Sunday, November 26, 2006

The Grand Plan for Iraq

Here's a summation of the initial thought from the Administration as reported by Mark Danner in the NY Review of Books:

[Heritage Foundation's] DeMuth drafted an influential report, entitled "Delta of Terrorism," which concluded, in the author's paraphrase, that "the United States was in for a two-generation battle with radical Islam":

..."We concluded that a confrontation with Saddam was inevitable. He was a gathering threat—the most menacing, active and unavoidable threat.

...Behind the notion that an American intervention will make of Iraq "the first Arab democracy," as Deputy Defense Secretary Paul Wolfowitz put it, lies a project of great ambition. It envisions a post-Saddam Hussein Iraq—secular, middle-class, urbanized, rich with oil—that will replace the autocracy of Saudi Arabia as the key American ally in the Persian Gulf, allowing the withdrawal of United States troops from the kingdom. The presence of a victorious American Army in Iraq would then serve as a powerful boost to moderate elements in neighboring Iran, hastening that critical country's evolution away from the mullahs and toward a more moderate course. Such an evolution in Tehran would lead to a withdrawal of Iranian support for Hezbollah and other radical groups, thereby isolating Syria and reducing pressure on Israel. This undercutting of radicals on Israel's northern borders and within the West Bank and Gaza would spell the definitive end of Yasir Arafat and lead eventually to a favorable solution of the Arab-Israeli problem.

Almost like on Miss America--you know, 'I wish for World Peace...'...

This is a vision of great sweep and imagination: comprehensive, prophetic, evangelical. In its ambitions, it is wholly foreign to the modesty of containment, the ideology of a status-quo power that lay at the heart of American strategy for half a century. It means to remake the world, to offer to a political threat a political answer. It represents a great step on the road toward President Bush's ultimate vision of "freedom's triumph over all its age-old foes."[6]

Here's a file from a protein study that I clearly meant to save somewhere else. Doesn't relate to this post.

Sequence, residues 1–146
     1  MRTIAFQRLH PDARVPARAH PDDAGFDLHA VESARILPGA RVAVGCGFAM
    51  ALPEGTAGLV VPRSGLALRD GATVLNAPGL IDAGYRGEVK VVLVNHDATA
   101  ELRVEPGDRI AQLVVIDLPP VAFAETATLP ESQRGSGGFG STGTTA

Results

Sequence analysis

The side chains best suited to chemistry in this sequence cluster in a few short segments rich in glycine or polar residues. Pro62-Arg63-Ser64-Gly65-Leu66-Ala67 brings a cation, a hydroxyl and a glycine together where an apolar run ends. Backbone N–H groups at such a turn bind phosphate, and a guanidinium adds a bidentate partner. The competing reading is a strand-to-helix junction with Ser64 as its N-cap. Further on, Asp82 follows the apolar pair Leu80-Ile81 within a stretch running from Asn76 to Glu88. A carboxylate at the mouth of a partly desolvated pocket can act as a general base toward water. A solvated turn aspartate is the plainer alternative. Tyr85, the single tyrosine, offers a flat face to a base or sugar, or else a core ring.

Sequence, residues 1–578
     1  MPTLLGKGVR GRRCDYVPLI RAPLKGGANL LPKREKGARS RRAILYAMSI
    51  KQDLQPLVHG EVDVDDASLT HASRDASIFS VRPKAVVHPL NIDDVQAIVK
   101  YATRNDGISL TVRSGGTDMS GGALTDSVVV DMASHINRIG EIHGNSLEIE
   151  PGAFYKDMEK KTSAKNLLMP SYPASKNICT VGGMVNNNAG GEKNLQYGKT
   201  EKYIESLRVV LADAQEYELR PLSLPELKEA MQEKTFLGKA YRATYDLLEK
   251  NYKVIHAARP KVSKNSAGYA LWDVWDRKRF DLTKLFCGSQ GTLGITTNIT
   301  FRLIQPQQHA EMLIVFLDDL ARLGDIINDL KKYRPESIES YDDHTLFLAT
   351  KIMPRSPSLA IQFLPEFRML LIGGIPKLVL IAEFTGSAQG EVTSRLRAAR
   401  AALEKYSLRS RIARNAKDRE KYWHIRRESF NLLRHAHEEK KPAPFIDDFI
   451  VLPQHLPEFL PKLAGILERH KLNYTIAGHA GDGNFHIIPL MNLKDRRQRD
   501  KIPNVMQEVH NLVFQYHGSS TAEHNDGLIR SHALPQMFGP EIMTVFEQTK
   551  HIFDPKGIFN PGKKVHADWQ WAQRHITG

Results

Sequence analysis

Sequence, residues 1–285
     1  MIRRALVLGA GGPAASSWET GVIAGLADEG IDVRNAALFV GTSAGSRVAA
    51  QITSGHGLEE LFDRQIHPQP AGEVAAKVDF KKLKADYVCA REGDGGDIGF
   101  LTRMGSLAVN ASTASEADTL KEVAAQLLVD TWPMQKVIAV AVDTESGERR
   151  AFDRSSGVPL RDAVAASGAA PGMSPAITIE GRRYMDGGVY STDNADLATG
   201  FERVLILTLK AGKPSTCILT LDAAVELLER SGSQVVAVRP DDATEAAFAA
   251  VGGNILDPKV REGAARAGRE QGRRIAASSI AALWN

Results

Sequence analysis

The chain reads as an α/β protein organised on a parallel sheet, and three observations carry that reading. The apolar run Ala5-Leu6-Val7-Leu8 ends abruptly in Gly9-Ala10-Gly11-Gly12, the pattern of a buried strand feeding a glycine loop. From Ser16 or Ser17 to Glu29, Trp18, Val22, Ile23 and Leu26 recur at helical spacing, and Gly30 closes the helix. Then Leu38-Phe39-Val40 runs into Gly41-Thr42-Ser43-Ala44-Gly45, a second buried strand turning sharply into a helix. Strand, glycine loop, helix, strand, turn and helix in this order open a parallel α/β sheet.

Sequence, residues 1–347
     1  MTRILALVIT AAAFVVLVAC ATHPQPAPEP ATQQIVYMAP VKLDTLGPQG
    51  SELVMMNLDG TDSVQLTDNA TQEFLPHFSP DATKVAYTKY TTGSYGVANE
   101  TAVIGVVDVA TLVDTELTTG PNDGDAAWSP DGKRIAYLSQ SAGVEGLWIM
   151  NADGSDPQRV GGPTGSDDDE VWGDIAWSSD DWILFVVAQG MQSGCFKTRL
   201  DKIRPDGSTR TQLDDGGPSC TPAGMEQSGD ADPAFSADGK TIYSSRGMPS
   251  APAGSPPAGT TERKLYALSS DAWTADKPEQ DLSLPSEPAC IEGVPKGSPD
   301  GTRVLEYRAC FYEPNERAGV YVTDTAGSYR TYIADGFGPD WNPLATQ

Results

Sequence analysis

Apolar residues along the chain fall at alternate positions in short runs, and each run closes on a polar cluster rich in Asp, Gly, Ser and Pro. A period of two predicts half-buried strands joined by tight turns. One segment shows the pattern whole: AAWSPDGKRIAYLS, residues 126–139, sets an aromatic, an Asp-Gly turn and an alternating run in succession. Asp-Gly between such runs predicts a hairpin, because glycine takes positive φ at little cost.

I don't see any mention of this little "religion" thing. Maybe an oversight?

Nope; it shows up later in the essay:

The central question of how power and resources should be divided in Iraq and what the country should look like, a question that was going to be settled peacefully by the nascent political institutions of the "first Arab democracy," has become the critical political issue dividing Kurd from Sunni and Sunni from Shia, and also dividing the sectarian political coalitions themselves. Prime Minister Nuri al-Maliki, the leader of the "unity government," on whom President Bush repeatedly calls to "dismantle the militias," is in fact dependent for his own political survival on Moqtada al-Sadr, the creator and leader of the largest militia, the Mahdi Army. Indeed, the two most important militias are controlled by the two most powerful parties in parliament.

Increasingly the "unity government" itself, quarreling vituperatively within the Green Zone, serves as an impotent echo of the savage warfare raging beyond the walls. The partitioning of Iraq is now openly advocated by many—including such prominent American politicians as Senator Joseph Biden of Delaware, the incoming chairman of the Senate Foreign Relations Committee—desperate to find "a solution," however illusory, to the war, anything that will allow the Americans to withdraw, while avoiding any admission of defeat.

Backwards a bit in time:

Inherent in the War of Imagination were certain rather obvious contradictions: Donald Rumsfeld's dream of a "demonstration model" war of quick, overwhelming victory did not foresee an extended occupation—on the contrary, the defense secretary abjured, publicly and vociferously, any notion that his troops would be used for "nation-building." Rumsfeld's war envisioned rapid victory and rapid departure. [Rummy was right on this score and in the success of the project.] Wolfowitz and the other Pentagon neoconservatives, on the other hand, imagined a "democratic transformation," a thoroughgoing social revolution that would take a Baathist Party–run autocracy, complete with a Baathist-led army and vast domestic spying and security services, and transform it into a functioning democratic polity—without the participation of former Baathist officials.

"Trouble in River City" was the name of that tune. It's the reason that some of us kept hearing two different exegeses of the Iraq conflict--there were two!

Our President has yet to explain precisely how "establishing democracy" will quash terrorist impulses midst Muslim extremists.

Perhaps that's why it will be a "two-generation-long" war?

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